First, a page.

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Abstract: FR-PO527

The Combination of Chlorthalidone and Potassium Citrate Is More Effective Than Either Agent Alone in Decreasing Calcium Oxalate Stone Formation in Genetic Hypercalciuric Stone-Forming Rats

Session Information

Category: Bone and Mineral Metabolism

  • 401 Bone and Mineral Metabolism: Basic

Authors

  • Krieger, Nancy S., Univ. of Rochester Medical Center, Rochester, New York, United States
  • Asplin, John R., Litholink Corp, Chicago, Illinois, United States
  • Granja, Ignacio, Litholink Corp, Chicago, Illinois, United States
  • Multala, Evan, Univ. of Rochester Medical Center, Rochester, New York, United States
  • Flotteron, Courtney A., Univ. of Rochester Medical Center, Rochester, New York, United States
  • Chen, Luojing, Univ. of Rochester Medical Center, Rochester, New York, United States
  • Bushinsky, David A., Univ. of Rochester Medical Center, Rochester, New York, United States
Background

To study human idiopathic hypercalciuria (IH) we developed an animal model, genetic hypercalciuric stone-forming (GHS) rats, whose pathophysiology parallels that of human IH. All GHS rats spontaneously form calcium phosphate (CaP) stones while there is no stone formation in the founder rats. When the oxalate precursor, hydroxyproline, is added to the diet, only calcium oxalate (CaOx) stones form. Previously, we demonstrated that chlorthalidone (CTD) alone was superior to potassium citrate (KCit) alone or in combination with CTD, in reducing CaP stone formation. In the current study we tested the hypothesis that CTD and KCit combined would effectively reduce CaOx stone formation in GHS rats.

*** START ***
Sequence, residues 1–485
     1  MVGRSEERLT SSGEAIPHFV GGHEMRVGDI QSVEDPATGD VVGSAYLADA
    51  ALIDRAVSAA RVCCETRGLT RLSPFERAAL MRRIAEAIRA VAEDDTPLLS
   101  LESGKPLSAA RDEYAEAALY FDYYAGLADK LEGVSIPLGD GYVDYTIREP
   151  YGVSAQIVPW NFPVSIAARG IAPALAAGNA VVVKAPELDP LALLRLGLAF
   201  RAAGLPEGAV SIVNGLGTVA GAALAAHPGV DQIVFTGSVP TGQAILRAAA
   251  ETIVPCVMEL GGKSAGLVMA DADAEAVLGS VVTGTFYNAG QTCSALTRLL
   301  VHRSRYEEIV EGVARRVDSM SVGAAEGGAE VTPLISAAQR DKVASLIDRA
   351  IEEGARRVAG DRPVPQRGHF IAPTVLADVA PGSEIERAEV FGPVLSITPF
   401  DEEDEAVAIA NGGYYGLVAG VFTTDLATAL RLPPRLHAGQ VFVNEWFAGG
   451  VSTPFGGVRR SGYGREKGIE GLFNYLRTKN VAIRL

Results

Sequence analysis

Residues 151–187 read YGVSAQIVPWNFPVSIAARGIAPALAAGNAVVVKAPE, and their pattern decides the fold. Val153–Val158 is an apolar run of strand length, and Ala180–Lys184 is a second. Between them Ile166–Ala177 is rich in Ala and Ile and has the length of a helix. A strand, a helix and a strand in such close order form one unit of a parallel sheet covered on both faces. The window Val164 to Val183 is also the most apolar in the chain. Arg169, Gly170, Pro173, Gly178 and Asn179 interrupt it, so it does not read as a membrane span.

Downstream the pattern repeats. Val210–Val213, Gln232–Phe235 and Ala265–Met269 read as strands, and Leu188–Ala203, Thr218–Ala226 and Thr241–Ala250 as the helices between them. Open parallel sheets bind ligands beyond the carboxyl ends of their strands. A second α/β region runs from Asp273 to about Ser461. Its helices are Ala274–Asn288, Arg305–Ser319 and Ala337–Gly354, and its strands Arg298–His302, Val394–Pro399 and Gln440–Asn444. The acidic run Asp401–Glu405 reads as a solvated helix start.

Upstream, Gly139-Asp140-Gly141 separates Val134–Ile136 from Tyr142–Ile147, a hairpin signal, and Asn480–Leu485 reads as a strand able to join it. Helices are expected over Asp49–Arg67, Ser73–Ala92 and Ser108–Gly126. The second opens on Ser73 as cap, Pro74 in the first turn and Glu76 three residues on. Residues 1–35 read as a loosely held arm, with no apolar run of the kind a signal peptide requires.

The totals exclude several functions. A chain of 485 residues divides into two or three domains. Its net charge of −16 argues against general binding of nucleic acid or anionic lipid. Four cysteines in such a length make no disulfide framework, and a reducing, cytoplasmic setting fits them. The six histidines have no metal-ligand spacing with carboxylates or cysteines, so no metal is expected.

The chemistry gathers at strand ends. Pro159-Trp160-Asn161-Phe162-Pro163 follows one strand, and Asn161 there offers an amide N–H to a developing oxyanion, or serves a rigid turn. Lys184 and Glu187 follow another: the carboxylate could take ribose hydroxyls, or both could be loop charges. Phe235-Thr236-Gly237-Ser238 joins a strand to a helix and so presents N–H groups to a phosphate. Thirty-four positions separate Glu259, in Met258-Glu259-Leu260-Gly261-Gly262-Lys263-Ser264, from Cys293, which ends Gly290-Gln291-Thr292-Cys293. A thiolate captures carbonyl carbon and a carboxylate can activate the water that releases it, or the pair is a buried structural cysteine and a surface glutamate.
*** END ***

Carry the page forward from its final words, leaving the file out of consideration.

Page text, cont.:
Methods

113th generation GHS rats were fed a fixed amount of a normal Ca (1.2%) and P (0.65%) diet with 5% hydroxyproline added, housed in metabolic cages and divided into four groups. Diets were supplemented with KCl (4 mmol/d) as control, KCit (4 mmol/d), CTD (4-5mg/kg/d)+KCl, or KCit+CTD. Urine (u) was collected at 6,12, and 18 wks for analyses and kidney stone formation was determined by X-ray at 18 weeks.

Results

Compared to the KCl control, KCit reduced uCa (KCl= 17.2±0.3 mg/d, KCit=14.4±0.3), CTD reduced it further (CTD=13.0±0.6) and KCit+CTD reduced it even further (KCit+CTD=9.3±0.4). The combination of KCit+CTD decreased uOx compared to all other groups (KCl=3.4±0.2 mg/d, K Cit=3.5±0.2, CTD=3.5±0.1, KCit+CTD= 2.7±0.1). Compared to KCl (108.7±2.2 mg/d), KCit and CTD+KCit increased uCit (KCit=146.6±2.6, KCit+CTD=129.9±3.3). There were no significant differences in CaOx supersaturation (ss) in any group. CTD did not change uCaP ss (KCl= 4.3±0.3, CTD=2.3±0.2), while KCit alone, or in combination with CTD, increased it (KCit=10.3±0.6, KCit+CTD=11.5±0.9). Compared to KCl (stone formation with a range of 0-4: KCl=2.1±0.1), KCit did not alter stone formation (2.0±0.3), while there was less stone formation in rats fed CTD alone (CTD=1.6±0.2). The combination of KCit+CTD (0.8±0.2) resulted in significantly fewer stones than KCl, CTD or KCit alone.

Conclusion

Thus in GHS rats fed a diet that results solely in CaOx stone formation, the combination of KCit+CTD prevented stone formation better than either agent alone.

Funding

  • NIDDK Support